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Simon Corbell and ACT Corrections like S&M

By asp - 21 August 2007 17

The ACT Human Rights Commissioner has delivered a rather poor assessment of the current corrections system in the territory.

Persons being held in our remand centers are being subjected to the same degrading and dehumanizing treatment that one expects from a full on prison, whether they deserve it or not. Frequent strip searches, drug testing and S&M, oh I mean restraints for one’s own safety. In one case, a mentally ill person with HIV and pneumonia was chained to his bed!

See the story at ABC News Online here.

Okay, drug testing and strip searches are a must in full scale prisons where people have been found guilty and where drugs and smuggling items into prisons are a big issue. But in remand, this is overkill. It doesn’t exactly make things look any better for the new prison. However, Simon Corbell says the commissioner’s findings only add credence to the Government’s case for a new prison.

What’s Your opinion?


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17 Responses to
Simon Corbell and ACT Corrections like S&M
asp 2:00 pm 22 Aug 07

“Hi I just killed someone. Please lock me up.
Oh, and could I have a triple shot-low foam skinny-soy latte with a whisper of nutmeg and a dusting of cocoa.”

Ralph 12:06 pm 22 Aug 07

Indeed. To do that now would be a gross violation of a person’s human rights, especially if they don’t offer skim milk.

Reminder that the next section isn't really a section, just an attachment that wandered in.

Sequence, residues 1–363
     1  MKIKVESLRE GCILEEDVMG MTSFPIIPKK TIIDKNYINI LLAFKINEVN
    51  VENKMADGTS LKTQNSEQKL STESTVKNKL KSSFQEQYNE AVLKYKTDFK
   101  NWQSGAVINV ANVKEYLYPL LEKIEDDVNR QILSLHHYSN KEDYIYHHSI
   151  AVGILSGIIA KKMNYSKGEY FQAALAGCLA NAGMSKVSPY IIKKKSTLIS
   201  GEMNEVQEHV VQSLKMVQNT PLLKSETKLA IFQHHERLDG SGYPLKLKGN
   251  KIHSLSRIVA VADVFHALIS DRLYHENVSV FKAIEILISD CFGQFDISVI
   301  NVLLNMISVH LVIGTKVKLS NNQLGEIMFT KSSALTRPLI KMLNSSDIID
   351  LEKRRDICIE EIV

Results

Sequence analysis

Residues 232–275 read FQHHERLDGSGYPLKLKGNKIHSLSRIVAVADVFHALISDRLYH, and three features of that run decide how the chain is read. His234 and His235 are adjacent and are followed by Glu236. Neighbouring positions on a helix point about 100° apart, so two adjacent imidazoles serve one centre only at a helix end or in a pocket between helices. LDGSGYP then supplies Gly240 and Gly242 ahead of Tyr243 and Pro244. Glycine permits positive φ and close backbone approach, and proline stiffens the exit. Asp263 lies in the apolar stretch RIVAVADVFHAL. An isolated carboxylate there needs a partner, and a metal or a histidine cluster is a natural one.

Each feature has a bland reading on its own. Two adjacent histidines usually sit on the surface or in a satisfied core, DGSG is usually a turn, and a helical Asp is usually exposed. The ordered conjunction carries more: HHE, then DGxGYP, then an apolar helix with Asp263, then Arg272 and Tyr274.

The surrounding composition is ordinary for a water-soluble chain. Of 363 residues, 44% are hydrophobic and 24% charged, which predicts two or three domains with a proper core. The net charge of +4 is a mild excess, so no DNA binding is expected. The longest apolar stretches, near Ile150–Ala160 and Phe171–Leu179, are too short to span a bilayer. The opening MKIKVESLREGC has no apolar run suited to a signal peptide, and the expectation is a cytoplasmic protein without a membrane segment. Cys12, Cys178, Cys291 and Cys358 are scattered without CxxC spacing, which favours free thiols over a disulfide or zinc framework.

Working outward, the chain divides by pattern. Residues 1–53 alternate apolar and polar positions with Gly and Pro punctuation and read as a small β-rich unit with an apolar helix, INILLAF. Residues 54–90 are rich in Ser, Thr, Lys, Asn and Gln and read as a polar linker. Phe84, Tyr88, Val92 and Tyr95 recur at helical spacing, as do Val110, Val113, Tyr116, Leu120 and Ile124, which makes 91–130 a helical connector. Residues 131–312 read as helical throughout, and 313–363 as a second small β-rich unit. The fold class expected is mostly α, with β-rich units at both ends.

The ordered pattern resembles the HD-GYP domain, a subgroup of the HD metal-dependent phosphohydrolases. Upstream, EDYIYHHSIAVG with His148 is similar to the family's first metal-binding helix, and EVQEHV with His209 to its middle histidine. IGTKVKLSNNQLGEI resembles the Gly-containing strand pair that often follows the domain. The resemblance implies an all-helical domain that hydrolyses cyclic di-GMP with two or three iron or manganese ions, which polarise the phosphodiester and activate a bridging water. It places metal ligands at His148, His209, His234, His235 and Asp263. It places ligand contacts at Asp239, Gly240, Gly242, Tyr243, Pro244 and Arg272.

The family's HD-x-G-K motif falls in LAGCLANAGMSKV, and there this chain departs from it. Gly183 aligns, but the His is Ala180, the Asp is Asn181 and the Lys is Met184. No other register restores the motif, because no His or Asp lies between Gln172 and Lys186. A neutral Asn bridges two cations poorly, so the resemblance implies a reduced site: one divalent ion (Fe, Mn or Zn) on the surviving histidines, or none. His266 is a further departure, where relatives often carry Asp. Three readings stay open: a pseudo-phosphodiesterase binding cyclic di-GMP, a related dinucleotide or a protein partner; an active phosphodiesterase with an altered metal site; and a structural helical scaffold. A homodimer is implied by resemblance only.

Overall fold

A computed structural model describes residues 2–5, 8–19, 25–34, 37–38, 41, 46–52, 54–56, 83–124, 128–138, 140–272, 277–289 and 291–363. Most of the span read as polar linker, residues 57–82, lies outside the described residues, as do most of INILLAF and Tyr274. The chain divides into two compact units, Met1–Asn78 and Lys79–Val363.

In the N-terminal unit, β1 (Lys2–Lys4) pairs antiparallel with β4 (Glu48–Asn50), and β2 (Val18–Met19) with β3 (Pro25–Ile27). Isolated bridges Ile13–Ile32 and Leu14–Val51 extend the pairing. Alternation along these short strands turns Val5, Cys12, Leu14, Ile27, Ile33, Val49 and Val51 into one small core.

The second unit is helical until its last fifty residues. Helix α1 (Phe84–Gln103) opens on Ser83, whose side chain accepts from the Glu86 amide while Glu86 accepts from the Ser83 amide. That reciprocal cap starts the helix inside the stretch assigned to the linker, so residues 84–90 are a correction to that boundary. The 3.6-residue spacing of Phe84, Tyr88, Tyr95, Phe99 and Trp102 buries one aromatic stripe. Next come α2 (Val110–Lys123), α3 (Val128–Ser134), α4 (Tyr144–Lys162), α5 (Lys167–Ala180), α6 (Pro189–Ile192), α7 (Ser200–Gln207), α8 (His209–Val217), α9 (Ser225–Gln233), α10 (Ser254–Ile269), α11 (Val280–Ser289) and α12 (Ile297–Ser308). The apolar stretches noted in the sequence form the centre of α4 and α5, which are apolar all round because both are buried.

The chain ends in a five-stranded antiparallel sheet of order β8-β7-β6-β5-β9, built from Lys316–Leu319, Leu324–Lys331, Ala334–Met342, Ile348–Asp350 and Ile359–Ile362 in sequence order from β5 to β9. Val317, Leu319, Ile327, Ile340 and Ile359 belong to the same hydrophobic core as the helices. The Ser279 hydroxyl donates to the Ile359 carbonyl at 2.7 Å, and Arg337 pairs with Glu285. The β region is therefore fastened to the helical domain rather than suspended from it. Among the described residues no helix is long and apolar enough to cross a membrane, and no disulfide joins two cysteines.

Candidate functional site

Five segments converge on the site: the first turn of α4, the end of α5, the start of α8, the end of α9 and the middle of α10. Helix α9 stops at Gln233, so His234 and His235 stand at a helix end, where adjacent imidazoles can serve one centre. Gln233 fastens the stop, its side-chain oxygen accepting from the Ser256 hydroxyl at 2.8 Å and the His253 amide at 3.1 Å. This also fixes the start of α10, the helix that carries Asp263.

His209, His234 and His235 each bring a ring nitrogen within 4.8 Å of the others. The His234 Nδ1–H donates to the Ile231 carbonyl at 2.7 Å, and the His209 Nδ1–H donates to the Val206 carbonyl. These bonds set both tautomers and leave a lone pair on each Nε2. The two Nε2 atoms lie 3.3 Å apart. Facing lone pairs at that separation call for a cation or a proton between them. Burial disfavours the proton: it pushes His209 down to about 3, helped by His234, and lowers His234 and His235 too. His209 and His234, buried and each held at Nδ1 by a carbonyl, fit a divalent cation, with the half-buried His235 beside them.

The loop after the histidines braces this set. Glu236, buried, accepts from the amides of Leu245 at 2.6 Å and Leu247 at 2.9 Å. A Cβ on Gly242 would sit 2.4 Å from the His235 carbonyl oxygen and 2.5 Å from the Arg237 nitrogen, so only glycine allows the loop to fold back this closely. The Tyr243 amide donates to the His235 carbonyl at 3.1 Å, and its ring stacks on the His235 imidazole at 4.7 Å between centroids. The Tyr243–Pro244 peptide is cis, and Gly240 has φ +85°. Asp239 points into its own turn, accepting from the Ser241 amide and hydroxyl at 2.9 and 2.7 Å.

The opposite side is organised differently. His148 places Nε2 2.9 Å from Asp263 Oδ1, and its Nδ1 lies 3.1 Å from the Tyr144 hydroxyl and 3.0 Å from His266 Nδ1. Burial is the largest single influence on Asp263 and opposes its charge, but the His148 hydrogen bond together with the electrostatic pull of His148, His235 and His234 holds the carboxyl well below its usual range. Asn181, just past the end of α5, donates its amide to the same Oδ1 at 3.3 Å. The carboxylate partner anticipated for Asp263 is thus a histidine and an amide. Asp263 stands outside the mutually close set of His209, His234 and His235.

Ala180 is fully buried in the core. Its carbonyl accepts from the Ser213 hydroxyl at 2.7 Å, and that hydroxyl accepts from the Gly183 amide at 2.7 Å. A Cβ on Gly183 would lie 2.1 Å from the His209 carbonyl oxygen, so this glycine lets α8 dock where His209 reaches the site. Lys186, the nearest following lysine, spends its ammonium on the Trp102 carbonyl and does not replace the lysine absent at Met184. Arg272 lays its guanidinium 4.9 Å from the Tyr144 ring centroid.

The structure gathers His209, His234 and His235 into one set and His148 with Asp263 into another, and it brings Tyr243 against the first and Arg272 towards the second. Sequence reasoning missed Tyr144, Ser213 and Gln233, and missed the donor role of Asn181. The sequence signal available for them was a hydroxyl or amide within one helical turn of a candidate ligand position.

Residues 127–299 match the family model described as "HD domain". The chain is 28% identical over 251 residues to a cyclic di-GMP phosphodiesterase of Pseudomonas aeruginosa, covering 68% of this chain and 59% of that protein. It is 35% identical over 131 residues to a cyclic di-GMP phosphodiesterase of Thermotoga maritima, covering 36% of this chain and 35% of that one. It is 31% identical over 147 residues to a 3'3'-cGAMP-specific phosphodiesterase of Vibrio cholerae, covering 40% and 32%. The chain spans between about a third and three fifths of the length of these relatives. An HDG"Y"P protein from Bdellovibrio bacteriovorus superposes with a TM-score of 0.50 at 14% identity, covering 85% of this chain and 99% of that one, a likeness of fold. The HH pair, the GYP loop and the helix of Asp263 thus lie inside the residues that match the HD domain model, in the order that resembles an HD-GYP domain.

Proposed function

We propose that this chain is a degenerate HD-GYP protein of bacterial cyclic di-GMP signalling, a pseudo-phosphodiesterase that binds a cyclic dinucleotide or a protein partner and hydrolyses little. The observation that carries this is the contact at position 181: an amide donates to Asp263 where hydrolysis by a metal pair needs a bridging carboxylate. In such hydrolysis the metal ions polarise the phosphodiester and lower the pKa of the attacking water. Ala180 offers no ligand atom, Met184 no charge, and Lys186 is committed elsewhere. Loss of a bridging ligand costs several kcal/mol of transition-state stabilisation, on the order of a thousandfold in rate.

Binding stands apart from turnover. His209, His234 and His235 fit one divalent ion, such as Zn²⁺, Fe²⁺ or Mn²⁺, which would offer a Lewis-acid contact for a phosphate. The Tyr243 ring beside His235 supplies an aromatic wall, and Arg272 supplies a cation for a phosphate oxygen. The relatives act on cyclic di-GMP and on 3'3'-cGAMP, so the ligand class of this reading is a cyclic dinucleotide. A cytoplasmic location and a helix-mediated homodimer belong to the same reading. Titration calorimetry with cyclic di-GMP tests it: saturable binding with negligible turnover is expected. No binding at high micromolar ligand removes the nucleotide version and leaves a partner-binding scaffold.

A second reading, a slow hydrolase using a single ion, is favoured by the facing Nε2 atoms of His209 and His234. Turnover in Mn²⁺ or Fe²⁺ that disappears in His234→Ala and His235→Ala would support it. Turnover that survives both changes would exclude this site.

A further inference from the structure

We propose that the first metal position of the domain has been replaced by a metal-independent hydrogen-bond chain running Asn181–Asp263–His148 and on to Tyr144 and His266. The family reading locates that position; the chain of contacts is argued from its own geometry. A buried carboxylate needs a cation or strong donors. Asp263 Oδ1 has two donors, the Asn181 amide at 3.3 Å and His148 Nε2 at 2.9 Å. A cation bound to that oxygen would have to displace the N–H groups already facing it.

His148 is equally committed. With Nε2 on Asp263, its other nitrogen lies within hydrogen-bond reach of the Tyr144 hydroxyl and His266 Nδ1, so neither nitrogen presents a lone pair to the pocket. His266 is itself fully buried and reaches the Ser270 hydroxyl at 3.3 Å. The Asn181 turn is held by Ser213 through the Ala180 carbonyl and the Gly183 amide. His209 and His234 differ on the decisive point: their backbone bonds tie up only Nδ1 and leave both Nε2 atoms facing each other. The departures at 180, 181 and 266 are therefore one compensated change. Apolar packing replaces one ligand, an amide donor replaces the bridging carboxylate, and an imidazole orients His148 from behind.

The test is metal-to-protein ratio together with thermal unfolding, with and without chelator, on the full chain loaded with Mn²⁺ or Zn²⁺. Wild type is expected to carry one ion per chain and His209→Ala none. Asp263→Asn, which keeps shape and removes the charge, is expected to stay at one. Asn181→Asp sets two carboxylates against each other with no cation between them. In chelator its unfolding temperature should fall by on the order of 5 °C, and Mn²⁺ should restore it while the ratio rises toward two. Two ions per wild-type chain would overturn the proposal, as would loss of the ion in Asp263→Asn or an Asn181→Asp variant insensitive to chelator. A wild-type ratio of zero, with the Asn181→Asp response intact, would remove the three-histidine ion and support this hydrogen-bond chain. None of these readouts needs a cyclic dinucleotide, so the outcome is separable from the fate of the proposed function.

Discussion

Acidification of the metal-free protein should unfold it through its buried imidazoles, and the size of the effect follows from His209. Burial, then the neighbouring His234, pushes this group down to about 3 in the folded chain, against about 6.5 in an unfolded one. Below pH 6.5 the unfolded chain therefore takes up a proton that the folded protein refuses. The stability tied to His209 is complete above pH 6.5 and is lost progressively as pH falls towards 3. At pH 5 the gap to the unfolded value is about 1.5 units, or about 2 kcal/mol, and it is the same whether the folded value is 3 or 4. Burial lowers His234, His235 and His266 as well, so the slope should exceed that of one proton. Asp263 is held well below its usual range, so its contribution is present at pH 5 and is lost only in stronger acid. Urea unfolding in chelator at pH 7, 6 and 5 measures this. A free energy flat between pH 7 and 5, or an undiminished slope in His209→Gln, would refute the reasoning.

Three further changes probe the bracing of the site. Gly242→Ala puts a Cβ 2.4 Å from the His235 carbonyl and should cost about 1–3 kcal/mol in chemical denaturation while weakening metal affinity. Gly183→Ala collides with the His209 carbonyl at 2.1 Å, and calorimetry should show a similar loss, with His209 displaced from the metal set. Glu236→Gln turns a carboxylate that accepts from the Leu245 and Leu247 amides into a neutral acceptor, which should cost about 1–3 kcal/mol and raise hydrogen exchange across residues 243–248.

Thumper 12:00 pm 22 Aug 07

Not even a coffee…

They were tough in those days πŸ™‚

asp 11:16 am 22 Aug 07

refused togive you breakfast thumper,
these Aussie prisons lack all the class of french ones. Even the worst offender is entitled to a freshly baked croissant, plunger of coffee and glass of chaeteu don perignion every morning. Well, that’s what I assume at least.

chester 10:45 am 22 Aug 07

“Human Rights Commissioner is full of sh*t. On 666 this morning, she was on basically supporting the misguided view that a new prison would solve most of the problems.”

Which funnily enough, is also what Corbell’s chanting.

[ED – this post has been edited due to offensive content]

Thumper 9:51 am 22 Aug 07

A long time ago, well, once upon a time, as a young tacker, I got seriously hammered on VB in a pub whilst on a hippie trip through country Victoria.

(yes, I should have been arrested for drinking VB)

Anyway, the local plod found me wandering around and chucked me in a cell overnight.

No probs. I deserved it. No charge, just a stern look and talking to and a don’t let me see you again.

Except they refused to give me breakfast πŸ™‚

stan_bowles 9:37 am 22 Aug 07

If anyone is genuinely interested in this issue, I recommend taking the time to read the full report, rather than just a news item. Full report is available here: http://www.hrc.act.gov.au/assets/docs/Corrections%20Audit%202007.pdf

asp 9:37 am 22 Aug 07

“Being pissed is not an excuse for finding yourself in the lock up.

A bit of roughing up whilst they are in there might scare the living daylights out of some of them and make them wake up to themselves.”

That is a harsh and simplistic view. I had a teacher once who on one occassion got drunk and some other bloke who also had too many though the teacher was giving him a look. The teacher wasn’t but it turned into a fight despite his denials. Both were hauled to the police station and spent some time in the lock up.
On this occassion, they wren’t put in a remand centre, just the cells to sober up.